How did you get into animation? Was it something you wanted to do as a child?
I loved animation as a kid but really wanted to get into comic books. I was a bit discouraged trying to be a cartoonist after high school, and got into computer programming and doing some animation for games. This ultimately led to my studio hiring animators and getting more serious about it... Animation came as a bit of surprise after doing it on Yo Gabba Gabba! and that show becoming a huge hit.
You are a producer, actress, writer, and animator. Which one came first?
I'm very performative. If I wasn't trans I'd have gotten into acting and continued doing stand up. The behind the camera stuff came as a result of wanting to be creative but not feeling like there was a future in being seen. Producing came easy, I managed a Taco Johns at 17, and started reading a lot of management books to do that job well. At this point I am a writer and executive producer, but the writer part is really just writing down performances. I do the voices and improv in the room and capture what I like.
For Danger and Eggs, how did you decide who to work with? Was it organic or did you pick?
We had a few key people I've worked with for a decade. My partner Mike Owens originated [the character] 'Phillip', and Eric Knobel developed that voice and helped us sell him... We all had similar politic and points of view around the types of skills and lived experiences we wanted to hire. Some people were Amazon's A-Team but mostly it was an existing network of folks we loved.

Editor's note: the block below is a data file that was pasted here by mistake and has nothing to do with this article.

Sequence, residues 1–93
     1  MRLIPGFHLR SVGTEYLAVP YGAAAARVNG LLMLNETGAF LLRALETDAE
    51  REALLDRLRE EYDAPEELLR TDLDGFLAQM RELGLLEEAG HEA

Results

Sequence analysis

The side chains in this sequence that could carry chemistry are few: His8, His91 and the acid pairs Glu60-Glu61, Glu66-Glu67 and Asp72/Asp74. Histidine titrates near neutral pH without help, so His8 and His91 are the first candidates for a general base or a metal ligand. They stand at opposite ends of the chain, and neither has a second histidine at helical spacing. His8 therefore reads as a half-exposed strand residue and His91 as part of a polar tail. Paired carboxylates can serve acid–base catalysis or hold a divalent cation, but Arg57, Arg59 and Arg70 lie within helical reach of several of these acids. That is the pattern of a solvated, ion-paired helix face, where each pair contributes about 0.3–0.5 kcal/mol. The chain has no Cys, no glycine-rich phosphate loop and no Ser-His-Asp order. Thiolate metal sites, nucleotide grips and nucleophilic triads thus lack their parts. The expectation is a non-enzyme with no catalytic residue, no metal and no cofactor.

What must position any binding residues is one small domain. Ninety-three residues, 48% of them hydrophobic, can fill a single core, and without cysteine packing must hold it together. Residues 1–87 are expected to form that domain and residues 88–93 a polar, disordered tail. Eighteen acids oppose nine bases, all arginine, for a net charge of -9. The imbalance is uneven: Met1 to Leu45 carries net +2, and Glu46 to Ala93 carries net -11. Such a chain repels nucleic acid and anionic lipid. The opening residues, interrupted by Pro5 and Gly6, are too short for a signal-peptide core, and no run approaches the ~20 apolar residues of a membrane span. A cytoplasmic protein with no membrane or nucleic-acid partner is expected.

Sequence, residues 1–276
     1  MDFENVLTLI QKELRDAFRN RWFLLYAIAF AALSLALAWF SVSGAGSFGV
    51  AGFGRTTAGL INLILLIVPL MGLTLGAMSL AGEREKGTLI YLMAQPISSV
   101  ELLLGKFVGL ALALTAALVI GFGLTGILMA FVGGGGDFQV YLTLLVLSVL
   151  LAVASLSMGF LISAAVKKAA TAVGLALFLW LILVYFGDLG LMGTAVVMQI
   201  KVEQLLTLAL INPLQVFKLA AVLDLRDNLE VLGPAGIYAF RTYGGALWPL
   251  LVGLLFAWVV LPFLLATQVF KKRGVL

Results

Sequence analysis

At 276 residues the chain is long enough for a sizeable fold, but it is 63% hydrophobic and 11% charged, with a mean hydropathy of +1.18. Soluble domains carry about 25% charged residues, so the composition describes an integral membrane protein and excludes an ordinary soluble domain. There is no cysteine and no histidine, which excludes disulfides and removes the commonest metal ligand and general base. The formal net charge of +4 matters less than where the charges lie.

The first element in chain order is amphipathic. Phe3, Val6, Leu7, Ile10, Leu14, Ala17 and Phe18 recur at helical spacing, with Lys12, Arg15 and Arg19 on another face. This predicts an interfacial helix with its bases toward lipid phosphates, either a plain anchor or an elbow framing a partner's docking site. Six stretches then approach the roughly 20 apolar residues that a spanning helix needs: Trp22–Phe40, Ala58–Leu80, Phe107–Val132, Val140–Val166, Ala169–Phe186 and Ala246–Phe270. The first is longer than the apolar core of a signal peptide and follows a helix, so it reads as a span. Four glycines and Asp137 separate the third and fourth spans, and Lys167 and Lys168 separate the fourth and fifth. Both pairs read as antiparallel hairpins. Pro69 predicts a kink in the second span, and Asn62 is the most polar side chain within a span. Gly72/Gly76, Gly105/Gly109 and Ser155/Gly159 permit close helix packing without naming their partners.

You have done cartoons for children in the past as well; why a cartoon for children and not for adults?
Danger & Eggs started out as a cartoon for adults and I would love to work on grown-up stuff. Hollywood likes to pigeonhole you a bit. I tried out as a writer on Transparent and they said they couldn't hire a person from "other areas of the industry." We have a great reputation in the "kid space" so things come a bit easier there... There aren't a lot of venues, and the ones that are there are very male crew and male audience-driven. Total boy's club. Kids is changing much faster.
How was the process of coming up with the main characters? Where did the names come from?
D.D.'s name is Danger Delano Danger. Danger is NOT her middle name. Some of the other names are people we love or temp script names that stick. Duncan probably came because I was doing a show with Duncan Trussel at the same time. Lydia is Lydia Hearst, basically because I want her to guest star if we ever show that character.
Any hidden symbols in the show?
If you watch in reverse you will understand the New World Order. No. We really wanted to get around the metaphors and hidden symbology and be overt. In the pride festival we have actual pride, trans, agender, asexual, pansexual flags. I feel like shows for kids have a long history of "that blue monster you thought was scary was actually nice!!!" but it hasn't done a lot to end systemic oppression. So we wanted to be overt. This is a black girl with black girl magic based on a black girl we cast. Being overt was so important.
What is the main message you want to portray with Danger & Eggs?